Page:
Somatically acquired whole chromosome loss in nucleated blood cells is an indicator of immune aging and genomic instability. However, little is known about aging, lifestyle and genetic factors influencing mitochondrial (MT) DNA abundance. In this study, MT DNA abundance was estimated from the weighted intensities of probes mapping to the MT genome in 295,150 participants from the UK Biobank. We found that abundance of MT DNA was significantly elevated in women compared to men, was negatively correlated with advanced age, more packyears, greater body-mass index, higher frailty index as well as elevated red and white blood cell count and, importantly, lower mortality. In addition, several biochemistry markers in blood related to cholesterol metabolism, ion homeostasis and kidney function were found to be significantly associated with MT DNA abundance. By performing a genome-wide association study, we identified 50 independent regions genome-wide significantly associated with MT DNA abundance which harbour multiple genes involved in the immune system, cancer as well as mitochondrial function. Using mixed effects models, we estimated the SNP-heritability of MT DNA abundance to be around 8%. To investigate the consequence of altered MT DNA abundance, we performed a phenome-wide association study and found that MT DNA abundance is involved in risk for leukaemia, hematologic diseases as well as hypertension. Thus, estimating MT DNA abundance from genotyping arrays has the potential to provide novel insights into age- and disease relevant processes, particularly those related to immunity and established mitochondrial functions. ### Competing Interest Statement The authors have declared no competing interest.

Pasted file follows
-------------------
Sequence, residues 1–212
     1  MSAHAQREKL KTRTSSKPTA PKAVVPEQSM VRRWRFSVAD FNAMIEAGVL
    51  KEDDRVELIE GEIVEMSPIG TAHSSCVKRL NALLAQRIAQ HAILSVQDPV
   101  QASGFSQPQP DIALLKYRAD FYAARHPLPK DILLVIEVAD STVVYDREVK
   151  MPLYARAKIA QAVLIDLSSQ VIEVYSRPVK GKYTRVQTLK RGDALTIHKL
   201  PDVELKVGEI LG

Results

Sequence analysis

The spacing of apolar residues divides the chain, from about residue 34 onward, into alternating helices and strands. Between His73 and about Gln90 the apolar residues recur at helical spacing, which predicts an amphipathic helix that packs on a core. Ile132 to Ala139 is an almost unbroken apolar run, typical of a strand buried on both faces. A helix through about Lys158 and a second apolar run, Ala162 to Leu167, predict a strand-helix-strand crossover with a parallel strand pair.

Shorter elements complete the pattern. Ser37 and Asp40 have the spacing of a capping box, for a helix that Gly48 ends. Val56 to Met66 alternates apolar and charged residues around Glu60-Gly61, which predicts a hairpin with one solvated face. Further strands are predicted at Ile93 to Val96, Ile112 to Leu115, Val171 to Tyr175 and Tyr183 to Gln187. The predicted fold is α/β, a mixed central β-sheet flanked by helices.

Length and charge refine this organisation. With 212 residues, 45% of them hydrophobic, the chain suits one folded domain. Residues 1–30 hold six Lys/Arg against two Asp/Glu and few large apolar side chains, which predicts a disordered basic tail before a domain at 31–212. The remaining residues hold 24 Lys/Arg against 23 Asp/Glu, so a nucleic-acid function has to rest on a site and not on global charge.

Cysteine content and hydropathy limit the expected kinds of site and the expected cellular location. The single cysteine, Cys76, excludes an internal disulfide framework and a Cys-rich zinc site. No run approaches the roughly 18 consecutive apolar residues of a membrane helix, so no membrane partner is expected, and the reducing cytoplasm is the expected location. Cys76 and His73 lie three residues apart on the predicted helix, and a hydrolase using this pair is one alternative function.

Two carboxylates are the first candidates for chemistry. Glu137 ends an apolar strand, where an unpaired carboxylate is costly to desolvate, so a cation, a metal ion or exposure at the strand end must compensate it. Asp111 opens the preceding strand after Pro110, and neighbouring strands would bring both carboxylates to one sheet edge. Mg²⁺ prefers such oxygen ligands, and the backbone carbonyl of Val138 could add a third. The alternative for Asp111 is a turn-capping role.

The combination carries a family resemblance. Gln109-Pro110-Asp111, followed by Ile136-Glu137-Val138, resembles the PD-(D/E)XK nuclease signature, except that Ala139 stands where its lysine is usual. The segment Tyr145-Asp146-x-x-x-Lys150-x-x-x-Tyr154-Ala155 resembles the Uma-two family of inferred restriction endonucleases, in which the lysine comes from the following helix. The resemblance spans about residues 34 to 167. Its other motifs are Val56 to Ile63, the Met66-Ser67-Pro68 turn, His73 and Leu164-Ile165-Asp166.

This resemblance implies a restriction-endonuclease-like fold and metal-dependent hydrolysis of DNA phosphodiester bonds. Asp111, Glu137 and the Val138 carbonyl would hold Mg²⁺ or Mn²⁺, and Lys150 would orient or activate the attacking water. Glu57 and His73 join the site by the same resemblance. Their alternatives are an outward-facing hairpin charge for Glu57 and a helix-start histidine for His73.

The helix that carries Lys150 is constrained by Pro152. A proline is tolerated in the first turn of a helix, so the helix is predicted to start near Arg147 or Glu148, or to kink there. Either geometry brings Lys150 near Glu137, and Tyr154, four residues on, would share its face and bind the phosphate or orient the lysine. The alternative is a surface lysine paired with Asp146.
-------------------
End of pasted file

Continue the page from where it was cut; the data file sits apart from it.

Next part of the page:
- Downloaded 301 times
- Download rankings, all-time:
- Site-wide: 85,351
- In genomics: 5,470
- Year to date:
- Site-wide: 23,589
- Since beginning of last month:
- Site-wide: 22,993
Downloads over time
Distribution of downloads per paper, site-wide
- 27 Nov 2020: The website and API now include results pulled from medRxiv as well as bioRxiv.
- 18 Dec 2019: We're pleased to announce PanLingua, a new tool that enables you to search for machine-translated bioRxiv preprints using more than 100 different languages.
- 21 May 2019: PLOS Biology has published a community page about Rxivist.org and its design.
- 10 May 2019: The paper analyzing the Rxivist dataset has been published at eLife.
- 1 Mar 2019: We now have summary statistics about bioRxiv downloads and submissions.
- 8 Feb 2019: Data from Altmetric is now available on the Rxivist details page for every preprint. Look for the "donut" under the download metrics.
- 30 Jan 2019: preLights has featured the Rxivist preprint and written about our findings.
- 22 Jan 2019: Nature just published an article about Rxivist and our data.
- 13 Jan 2019: The Rxivist preprint is live!